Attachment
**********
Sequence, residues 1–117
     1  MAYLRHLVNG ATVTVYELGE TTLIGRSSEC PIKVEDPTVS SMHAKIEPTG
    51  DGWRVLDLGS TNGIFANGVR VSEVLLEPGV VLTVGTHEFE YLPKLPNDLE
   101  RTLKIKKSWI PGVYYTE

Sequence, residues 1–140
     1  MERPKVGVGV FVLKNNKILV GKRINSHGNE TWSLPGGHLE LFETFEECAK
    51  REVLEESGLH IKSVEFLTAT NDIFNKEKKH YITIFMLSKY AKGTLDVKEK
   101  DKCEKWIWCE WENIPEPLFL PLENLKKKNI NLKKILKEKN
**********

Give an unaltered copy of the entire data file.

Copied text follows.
Sequence, residues 1–117
     1  MAYLRHLVNG ATVTVYELGE TTLIGRSSEC PIKVEDPTVS SMHAKIEPTG
    51  DGWRVLDLGS TNGIFANGVR VSEVLLEPGV VLTVGTHEFE YLPKLPNDLE
   101  RTLKIKKSWI PGVYYTE

Sequence, residues 1–140
     1  MERPKVGVGV FVLKNNKILV GKRINSHGNE TWSLPGGHLE LFETFEECAK
    51  REVLEESGLH IKSVEFLTAT NDIFNKEKKH YITIFMLSKY AKGTLDVKEK
   101  DKCEKWIWCE WENIPEPLFL PLENLKKKNI NLKKILKEKN